It is at or near open enrollment season for many health insurance plans. CalPERS marks the approach of open enrollment by crowing about having dropped 18,000 ineligible dependents from its employer-based health insurance rolls. Interestingly, 5,300 were voluntarily dis-enrolled after the announcement of an amnesty period.
CalPERS tells this as part of a responsible stewardship of the public fisc narrative. Of course, it might also be told as a pushing 18,000 people into uninsured status narrative. Perhaps it is both.
We hear more about health plan dependent eligibility audits of late. Indeed, an entire industry has grown up around promoting health plan savings through rigorous dependent eligibility audits. Here's an auditor consultant predicting an 8 percent ineligible dependent enrollment rate. And here's another touting the correct response to various "scenarios" where employees claim valid dependent enrollment but the plan excludes them. My personal favorite among these: never mind the explicit language of your divorce decree, no employer is required to carry a former spouse, it is the plan participant's responsibility to fund this via COBRA." Of course, the law on Qualified Domestic Relations Orders is notoriously complex, so it would be easy to confuse a court's authority to order coverage for a former spouse with a court's authority to order coverage for a former spouse in a plan that allows former spouse coverage. I often think this is especially confusing to plan enrollees in a Social Security retirement system that does contemplate all kinds of benefit availability for the former spouse.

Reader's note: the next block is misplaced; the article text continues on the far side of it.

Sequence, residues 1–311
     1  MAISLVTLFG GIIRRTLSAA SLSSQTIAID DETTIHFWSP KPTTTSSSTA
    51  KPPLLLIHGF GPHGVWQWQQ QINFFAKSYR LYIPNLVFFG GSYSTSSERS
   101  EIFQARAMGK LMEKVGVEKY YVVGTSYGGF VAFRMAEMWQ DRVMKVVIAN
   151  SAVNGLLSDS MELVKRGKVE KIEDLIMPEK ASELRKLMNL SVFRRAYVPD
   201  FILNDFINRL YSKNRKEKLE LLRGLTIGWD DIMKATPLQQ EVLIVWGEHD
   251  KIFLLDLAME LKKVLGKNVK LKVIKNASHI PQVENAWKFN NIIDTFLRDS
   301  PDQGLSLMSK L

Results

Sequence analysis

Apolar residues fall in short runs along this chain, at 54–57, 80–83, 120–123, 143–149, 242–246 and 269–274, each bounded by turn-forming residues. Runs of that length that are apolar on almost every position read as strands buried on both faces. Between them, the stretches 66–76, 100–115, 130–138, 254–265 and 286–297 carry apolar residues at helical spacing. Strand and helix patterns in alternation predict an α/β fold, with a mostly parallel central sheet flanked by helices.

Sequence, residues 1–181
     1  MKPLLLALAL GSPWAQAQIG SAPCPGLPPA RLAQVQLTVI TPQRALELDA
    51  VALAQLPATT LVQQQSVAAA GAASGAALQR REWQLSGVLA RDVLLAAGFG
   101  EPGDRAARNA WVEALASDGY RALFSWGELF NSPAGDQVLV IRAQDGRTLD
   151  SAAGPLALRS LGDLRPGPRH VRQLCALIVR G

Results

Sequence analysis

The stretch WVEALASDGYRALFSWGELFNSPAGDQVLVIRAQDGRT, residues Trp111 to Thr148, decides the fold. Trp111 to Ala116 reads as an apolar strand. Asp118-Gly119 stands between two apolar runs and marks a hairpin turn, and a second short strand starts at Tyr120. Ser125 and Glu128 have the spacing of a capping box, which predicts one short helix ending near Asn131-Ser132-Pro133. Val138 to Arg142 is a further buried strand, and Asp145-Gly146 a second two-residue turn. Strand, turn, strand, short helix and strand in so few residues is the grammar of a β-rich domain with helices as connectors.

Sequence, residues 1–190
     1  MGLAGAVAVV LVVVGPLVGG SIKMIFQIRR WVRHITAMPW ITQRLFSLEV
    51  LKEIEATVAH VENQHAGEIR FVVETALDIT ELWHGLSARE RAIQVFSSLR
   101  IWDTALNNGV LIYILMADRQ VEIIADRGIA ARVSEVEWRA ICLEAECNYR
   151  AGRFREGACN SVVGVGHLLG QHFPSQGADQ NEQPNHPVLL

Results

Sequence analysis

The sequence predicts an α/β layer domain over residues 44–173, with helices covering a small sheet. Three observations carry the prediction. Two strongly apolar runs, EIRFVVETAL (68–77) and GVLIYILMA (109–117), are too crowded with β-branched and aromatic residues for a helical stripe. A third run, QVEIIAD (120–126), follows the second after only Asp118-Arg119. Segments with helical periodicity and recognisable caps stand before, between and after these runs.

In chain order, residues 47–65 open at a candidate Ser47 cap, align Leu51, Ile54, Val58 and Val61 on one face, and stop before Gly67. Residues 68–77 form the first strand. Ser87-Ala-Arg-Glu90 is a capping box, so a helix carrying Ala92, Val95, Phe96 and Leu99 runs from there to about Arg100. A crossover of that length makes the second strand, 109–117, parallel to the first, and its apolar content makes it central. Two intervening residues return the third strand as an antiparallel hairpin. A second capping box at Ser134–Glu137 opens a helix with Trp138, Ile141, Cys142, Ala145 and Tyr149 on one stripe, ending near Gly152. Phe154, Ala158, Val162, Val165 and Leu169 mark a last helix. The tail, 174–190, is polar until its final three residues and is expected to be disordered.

The most interesting part of all this to me is how underplayed the story of beneficiary fraud in employer sponsored insurance is in the press. My word, 2.5 percent of the CalPERS dependent population of 700,000 was a party to fraud, a number that — apparently — makes the CalPERS numbers seem modest in comparison to the touted 8 percent fraudulent dependent enrollment in garden variety employer sponsored commercial insurance. Where's the outrage? Where are the front page articles on how all dependent coverage provisions of commercial insurance ought to be abolished because of this percentage of apparently fraudulent beneficiary claims? In 2010, the GAO estimated a ten percent fraud rate for government funded health insurance (both beneficiary fraud and provider fraud). Now, that received lots of press.
Yes, the speck in our neighbor's eye is surely almost always of more interest than the log in our own, but it is also that the deceits of middle class people are so much less interesting than the deceits of poor people.